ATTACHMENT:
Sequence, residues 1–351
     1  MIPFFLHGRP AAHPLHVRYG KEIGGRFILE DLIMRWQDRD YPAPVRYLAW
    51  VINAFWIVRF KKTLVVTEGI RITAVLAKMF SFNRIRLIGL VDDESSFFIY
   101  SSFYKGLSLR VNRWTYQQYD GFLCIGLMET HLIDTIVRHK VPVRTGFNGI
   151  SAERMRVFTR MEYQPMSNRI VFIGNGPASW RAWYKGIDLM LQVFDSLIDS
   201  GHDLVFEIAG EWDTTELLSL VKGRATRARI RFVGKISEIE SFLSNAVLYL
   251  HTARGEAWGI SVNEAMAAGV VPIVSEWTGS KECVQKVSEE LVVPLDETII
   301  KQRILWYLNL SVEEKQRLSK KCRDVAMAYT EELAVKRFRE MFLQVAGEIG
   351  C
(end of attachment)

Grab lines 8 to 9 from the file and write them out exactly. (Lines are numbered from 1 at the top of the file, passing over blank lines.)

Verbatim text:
   301  KQRILWYLNL SVEEKQRLSK KCRDVAMAYT EELAVKRFRE MFLQVAGEIG
   351  C